The second type of conflict is between the methodologies of science and religion. An atheist writes:
Religion relies on authority — from a person, book, or tradition — and its Truth is supposed to be universal and eternal. But in science, the authority is in the evidence and reasoning, which are always open to challenge; so science's truth is relative and tentative.
A scientific investigation starts with a question, and tries to reach a conclusion by finding evidence and applying reason. A theological investigation, though, starts with a conclusion, and tries to wiggle around any impediments of evidence and logic in order to justify that conclusion.
The basic idea is that the method science uses to arrive at conclusions is very different to the method of religion. Science relies on observation, repeated testing, and is tentative. Religion on the other hand relies on authority, inspiration, and is closed to challenge.
This post is about the supposed latter type of conflict between science and religion: the methodological conflict. I'll start by granting (for the sake of argument only) the following implicit assumptions that atheists like the one quoted above make:
1. There is such a things as The methodology of science and The methodology of religion
2. These methodologies are truly different
These assumptions can be challenged, but I'm not going to do that. Instead I will show that even if science and religion have different methodologies, it doesn't follow that there is a conflict between them. There is a third implicit assumption which I'm not willing to grant:
3. If two methods of gaining knowledge are different, then they are in conflict
Those who argue that there is a conflict between science and religion need 3 to be true, because if it wasnt, then merely pointing out that science and religion have different methods of arriving at conclusions wouldnt be enough to show that there is a conflict.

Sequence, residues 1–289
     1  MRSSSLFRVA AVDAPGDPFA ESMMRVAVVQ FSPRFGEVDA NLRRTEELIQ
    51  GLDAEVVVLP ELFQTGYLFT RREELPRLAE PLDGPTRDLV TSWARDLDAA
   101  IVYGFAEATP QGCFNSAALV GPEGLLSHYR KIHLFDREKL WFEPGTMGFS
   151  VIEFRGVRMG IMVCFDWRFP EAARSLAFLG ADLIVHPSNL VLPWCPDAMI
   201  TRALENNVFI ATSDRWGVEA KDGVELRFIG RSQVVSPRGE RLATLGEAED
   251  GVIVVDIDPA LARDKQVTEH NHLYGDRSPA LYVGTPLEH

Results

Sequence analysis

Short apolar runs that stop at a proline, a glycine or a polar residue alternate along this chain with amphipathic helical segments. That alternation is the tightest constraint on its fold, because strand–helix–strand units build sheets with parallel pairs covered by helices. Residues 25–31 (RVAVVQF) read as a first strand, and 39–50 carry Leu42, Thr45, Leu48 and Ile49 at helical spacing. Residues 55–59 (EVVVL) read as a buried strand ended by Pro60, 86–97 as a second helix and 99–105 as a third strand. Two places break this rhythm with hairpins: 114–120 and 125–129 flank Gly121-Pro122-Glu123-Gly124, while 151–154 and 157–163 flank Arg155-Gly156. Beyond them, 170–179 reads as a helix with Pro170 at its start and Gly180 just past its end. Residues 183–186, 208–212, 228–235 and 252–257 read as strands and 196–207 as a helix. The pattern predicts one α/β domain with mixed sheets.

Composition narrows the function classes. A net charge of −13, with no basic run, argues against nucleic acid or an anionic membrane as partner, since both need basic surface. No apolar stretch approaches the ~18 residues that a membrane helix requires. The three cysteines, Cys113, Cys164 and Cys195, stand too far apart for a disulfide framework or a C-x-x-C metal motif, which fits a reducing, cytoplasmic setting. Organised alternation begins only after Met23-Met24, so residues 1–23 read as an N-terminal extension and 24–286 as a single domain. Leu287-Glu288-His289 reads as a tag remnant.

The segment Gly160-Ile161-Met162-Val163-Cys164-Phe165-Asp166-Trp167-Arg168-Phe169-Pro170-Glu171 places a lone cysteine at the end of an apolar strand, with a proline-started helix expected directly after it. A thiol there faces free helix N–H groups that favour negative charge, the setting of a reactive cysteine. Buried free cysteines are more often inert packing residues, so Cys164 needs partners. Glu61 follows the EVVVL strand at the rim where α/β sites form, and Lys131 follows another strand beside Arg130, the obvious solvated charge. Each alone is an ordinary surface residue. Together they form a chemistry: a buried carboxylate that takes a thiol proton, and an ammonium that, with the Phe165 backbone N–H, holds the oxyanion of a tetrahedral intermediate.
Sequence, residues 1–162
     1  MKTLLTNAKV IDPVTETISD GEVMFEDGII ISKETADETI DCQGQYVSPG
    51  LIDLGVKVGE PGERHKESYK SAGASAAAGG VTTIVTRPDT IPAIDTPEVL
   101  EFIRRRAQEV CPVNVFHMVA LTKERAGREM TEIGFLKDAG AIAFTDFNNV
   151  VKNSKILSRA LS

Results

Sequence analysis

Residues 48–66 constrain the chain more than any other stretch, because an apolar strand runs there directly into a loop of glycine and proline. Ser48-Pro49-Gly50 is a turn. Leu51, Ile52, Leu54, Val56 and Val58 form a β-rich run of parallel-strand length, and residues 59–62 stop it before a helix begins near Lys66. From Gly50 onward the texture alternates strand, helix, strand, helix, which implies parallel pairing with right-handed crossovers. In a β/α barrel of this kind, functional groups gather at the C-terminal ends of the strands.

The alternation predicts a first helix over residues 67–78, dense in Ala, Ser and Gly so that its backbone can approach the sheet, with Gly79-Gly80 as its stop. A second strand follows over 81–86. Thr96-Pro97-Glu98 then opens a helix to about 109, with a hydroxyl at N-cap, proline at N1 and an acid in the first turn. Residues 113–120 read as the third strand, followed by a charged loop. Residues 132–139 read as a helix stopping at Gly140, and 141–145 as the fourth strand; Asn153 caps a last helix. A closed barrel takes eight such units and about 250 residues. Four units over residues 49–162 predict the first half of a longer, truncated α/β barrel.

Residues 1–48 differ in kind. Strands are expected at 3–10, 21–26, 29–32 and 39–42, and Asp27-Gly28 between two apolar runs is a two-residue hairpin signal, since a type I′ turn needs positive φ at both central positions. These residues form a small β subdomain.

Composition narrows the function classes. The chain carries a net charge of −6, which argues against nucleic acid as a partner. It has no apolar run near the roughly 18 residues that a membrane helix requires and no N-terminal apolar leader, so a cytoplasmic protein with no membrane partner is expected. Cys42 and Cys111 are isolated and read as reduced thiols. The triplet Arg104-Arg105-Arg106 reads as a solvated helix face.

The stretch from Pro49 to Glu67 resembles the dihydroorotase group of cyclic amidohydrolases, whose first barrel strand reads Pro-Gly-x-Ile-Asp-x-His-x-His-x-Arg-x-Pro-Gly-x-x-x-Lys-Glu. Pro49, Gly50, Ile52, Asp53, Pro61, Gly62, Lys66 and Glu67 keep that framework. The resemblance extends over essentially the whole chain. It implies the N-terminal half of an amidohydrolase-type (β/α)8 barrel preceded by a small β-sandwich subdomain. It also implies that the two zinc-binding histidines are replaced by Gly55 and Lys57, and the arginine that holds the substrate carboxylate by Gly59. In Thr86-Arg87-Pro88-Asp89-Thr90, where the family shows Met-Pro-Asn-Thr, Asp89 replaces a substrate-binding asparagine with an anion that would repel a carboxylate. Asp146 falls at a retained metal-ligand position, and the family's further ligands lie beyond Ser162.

So why believe that 3 is true? Just because there is a difference doesn't mean that there is a conflict. For example, there is a difference between French and German, football and tennis, and yellow and blue. Does that mean that French is in conflict with German, or that football is in conflict with tennis. Is the colour yellow in conflict with the colour blue? Quite obviously, difference does not entail conflict, so the proponent of 3 needs to do some work to convince us that 3 is true. He may argue that whilst difference per se doesnt entail conflict, difference in methodologies does entail conflict. But this is just begging the question. Why should we believe that? Restating the premise is no good, we need an argument for why it's true.
We can go further than simply pointing out that 3 is unsupported by giving a positive argument against 3. Take the following two methods of arriving at conclusions: vision and testimony. The method of vision is different to the method of testimony, but that doesnt mean that there is a conflict between vision and testimony. Sure sometimes testimony might tell us one thing but vision will tell us something else, but that doesnt force us to say that the method of testimony is in conflict with that of vision. Likewise with religion - even if religion sometimes tells us one thing but science another, this doesnt mean that there is a conflict between science and religion. The argument that religion conflicts with science because of different methods is bunk.
Edited by .InshAllah., 10 January 2012 - 04:06 PM.